• Stripling would have been part of my story for tomorrow but he didn’t want to talk. Pretty tough to write about how a guy has emerged from the academic wilds two years ago and overcome a shoulder injury from last year to starting at weakside linebacker as practice begins without his thoughts on the matter. Though he’s being pushed by the quicker Myron Beck, Stripling has been holding him off because he’s improved his own quickness and is another big (5-foot-11, 242-pounds) body. “He’s a good football player,” Ball said. “If he ever gets his ducks in a row, he could help us a lot.” … One of Stripling’s former Texas running mates, middle linebacker Greg Trent, was at the field today. Trent is back in Pullman, getting ready for school to start. He’s a got a full load of classes to get through so he can graduate after fall semester. He then hopes to work out and try to find a place to play in Canada, the new UFL or, if at all possible, the NFL. He went through a three-day tryout with the Redskins, got a lot of positive feedback, then never received a follow-up call.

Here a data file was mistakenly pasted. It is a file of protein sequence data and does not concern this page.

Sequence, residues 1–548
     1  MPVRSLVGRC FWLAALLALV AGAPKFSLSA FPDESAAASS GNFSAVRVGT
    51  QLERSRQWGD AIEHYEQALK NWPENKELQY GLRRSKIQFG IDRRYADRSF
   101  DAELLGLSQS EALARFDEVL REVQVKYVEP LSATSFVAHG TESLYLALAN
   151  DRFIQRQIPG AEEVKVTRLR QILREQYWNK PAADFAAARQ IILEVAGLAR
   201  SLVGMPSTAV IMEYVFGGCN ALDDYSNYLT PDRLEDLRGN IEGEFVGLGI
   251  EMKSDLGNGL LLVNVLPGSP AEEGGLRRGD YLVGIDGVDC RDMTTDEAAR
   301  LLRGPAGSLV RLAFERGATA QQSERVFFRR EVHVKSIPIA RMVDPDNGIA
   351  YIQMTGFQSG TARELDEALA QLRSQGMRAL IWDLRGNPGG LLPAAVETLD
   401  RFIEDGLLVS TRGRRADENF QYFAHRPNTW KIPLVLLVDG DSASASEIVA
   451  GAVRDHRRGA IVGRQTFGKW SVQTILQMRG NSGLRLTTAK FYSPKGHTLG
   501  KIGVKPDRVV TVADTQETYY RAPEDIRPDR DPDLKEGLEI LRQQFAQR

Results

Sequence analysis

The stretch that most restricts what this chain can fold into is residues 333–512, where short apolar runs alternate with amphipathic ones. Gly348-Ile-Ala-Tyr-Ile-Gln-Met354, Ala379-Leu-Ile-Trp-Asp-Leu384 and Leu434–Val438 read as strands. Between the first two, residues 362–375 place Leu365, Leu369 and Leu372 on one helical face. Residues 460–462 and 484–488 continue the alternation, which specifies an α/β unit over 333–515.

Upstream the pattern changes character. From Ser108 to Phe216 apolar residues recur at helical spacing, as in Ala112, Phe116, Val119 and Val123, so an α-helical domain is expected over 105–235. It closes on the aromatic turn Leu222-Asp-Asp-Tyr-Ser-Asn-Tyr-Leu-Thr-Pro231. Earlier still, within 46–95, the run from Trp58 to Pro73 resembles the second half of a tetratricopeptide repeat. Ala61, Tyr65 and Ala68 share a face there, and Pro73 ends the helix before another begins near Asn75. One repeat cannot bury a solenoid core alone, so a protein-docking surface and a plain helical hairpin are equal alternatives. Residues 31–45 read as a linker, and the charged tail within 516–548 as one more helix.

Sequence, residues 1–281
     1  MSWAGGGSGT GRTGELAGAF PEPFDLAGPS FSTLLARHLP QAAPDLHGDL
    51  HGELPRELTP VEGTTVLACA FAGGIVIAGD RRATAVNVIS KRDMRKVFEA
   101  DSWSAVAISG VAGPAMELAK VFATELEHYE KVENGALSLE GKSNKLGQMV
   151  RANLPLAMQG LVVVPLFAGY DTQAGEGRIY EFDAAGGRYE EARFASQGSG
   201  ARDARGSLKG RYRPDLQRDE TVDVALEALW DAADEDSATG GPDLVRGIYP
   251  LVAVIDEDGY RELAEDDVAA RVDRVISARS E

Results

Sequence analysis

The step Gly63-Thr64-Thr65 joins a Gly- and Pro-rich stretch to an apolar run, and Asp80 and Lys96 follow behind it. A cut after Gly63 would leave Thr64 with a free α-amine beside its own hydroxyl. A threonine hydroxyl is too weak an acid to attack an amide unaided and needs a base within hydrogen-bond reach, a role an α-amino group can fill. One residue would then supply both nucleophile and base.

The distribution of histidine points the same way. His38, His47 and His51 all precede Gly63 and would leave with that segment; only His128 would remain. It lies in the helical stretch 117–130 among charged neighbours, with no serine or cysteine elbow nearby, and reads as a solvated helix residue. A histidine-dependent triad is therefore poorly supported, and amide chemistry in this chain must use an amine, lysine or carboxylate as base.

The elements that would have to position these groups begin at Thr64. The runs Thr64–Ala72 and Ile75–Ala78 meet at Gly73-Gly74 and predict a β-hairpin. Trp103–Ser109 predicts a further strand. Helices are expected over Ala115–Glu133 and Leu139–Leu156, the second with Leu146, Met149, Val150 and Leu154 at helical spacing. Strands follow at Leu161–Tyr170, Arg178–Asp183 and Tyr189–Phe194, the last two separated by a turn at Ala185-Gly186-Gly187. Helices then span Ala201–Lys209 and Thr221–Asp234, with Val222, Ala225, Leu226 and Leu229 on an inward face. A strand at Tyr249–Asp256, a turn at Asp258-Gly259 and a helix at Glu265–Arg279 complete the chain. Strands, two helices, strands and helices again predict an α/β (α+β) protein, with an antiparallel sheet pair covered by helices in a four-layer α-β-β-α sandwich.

• One way the coaches can get more individual time with players is to split the squad in two. They’ll do that Wednesday and Thursday. The newcomers and selected veterans will be on the field for two hours in the morning while the top vets will hit it in the early afternoon. … And, yes, Paul Wulff will be at practice. The three-day NCAA punishment for violations that occurred while he was Eastern Washington University’s head coach is over. My thought is, if the NCAA really wanted to punish him, they would have let him attend practice, but have to undergo three of Darin Lovat’s post-practice workouts. He never would have broken a rule again. … Lovat was wearing a T-shirt today with TFIA on the front. It stands for: Trust, Family, Intensity and Attitude. … The first true pop of the season came on a special teams drill and it was delivered by freshman Casey Locker. It was loud enough to turn heads. … The best catch of the day was turned in by tight end Zach Tatman who tipped a quick J.T. Levenseller pass to himself while twisting back to the middle of the field. … The catch came during an end-of-practice thud scrimmage. Mike Ledgerwood and Jared Karstetter skipped much of it, nursing some dings. Others who were missing today: Eric Block, who also skipped Monday after a death in the family, and Andrew Roxas, who had a doctor’s appointment. … Ball would not go into further detail about the dismissal of Chris Ivory from the team. Ivory missed practice Monday without a legitimate excuse but sources said that wasn’t solely the reason for the decision. It was a culmination of things. Unless we hear from Ivory, that might be as much as we ever know. … The end of practice huddle was disrupted somewhat when a soccer goal on the west side of the practice field fell over, making contact with a coach’s child on the way down. Trainers rushed over and took care of the situation, which didn’t seem to be anything major.